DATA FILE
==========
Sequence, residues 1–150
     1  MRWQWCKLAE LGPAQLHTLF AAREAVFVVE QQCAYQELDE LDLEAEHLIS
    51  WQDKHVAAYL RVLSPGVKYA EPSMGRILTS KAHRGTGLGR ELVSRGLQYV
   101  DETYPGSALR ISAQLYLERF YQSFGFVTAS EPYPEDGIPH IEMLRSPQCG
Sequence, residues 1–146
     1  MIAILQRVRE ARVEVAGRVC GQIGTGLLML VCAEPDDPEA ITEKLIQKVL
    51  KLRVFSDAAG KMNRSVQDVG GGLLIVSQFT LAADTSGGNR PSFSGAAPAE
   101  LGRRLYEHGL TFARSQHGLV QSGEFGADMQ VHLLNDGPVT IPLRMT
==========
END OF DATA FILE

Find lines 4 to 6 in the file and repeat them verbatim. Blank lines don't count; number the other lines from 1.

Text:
   101  DETYPGSALR ISAQLYLERF YQSFGFVTAS EPYPEDGIPH IEMLRSPQCG
Sequence, residues 1–146
     1  MIAILQRVRE ARVEVAGRVC GQIGTGLLML VCAEPDDPEA ITEKLIQKVL